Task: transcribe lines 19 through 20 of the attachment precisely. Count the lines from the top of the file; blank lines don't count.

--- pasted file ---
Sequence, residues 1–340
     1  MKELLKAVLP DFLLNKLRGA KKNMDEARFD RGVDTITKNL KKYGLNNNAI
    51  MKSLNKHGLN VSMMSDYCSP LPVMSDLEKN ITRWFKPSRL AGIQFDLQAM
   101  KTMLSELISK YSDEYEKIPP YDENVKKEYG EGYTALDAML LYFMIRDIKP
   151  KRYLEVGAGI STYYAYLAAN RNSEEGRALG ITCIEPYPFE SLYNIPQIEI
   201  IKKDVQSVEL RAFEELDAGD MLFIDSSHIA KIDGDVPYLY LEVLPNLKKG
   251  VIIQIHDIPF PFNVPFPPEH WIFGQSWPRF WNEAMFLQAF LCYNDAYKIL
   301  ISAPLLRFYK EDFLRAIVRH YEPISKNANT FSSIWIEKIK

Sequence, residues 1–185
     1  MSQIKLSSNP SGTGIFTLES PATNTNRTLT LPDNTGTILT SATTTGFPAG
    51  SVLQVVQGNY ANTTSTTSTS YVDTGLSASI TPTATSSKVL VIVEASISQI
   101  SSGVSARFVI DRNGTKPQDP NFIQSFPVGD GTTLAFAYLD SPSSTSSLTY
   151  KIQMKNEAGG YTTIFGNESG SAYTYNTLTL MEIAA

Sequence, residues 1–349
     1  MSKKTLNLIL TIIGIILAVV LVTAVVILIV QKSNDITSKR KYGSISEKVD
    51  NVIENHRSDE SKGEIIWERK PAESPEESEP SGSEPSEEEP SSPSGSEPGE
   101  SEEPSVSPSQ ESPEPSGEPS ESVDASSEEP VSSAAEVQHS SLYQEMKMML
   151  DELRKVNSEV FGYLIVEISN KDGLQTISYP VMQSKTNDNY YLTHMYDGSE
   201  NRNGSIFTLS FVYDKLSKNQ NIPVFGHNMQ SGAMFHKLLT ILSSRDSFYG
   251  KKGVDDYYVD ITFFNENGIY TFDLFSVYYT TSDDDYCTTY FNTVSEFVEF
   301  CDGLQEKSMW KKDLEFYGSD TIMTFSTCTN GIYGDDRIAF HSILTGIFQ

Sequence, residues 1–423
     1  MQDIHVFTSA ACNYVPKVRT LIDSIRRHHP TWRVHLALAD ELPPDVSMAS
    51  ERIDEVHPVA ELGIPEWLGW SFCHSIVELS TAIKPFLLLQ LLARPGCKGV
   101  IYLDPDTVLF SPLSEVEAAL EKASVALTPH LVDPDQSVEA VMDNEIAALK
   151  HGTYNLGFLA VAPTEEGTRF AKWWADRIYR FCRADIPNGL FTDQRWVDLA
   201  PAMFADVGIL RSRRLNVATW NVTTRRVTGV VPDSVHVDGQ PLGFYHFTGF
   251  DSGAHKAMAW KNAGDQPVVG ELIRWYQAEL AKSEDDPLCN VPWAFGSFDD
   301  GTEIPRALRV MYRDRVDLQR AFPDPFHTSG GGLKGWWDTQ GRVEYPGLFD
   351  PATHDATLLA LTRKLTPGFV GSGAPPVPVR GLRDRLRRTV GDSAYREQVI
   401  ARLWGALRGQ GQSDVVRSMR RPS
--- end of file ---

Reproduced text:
   201  NRNGSIFTLS FVYDKLSKNQ NIPVFGHNMQ SGAMFHKLLT ILSSRDSFYG
   251  KKGVDDYYVD ITFFNENGIY TFDLFSVYYT TSDDDYCTTY FNTVSEFVEF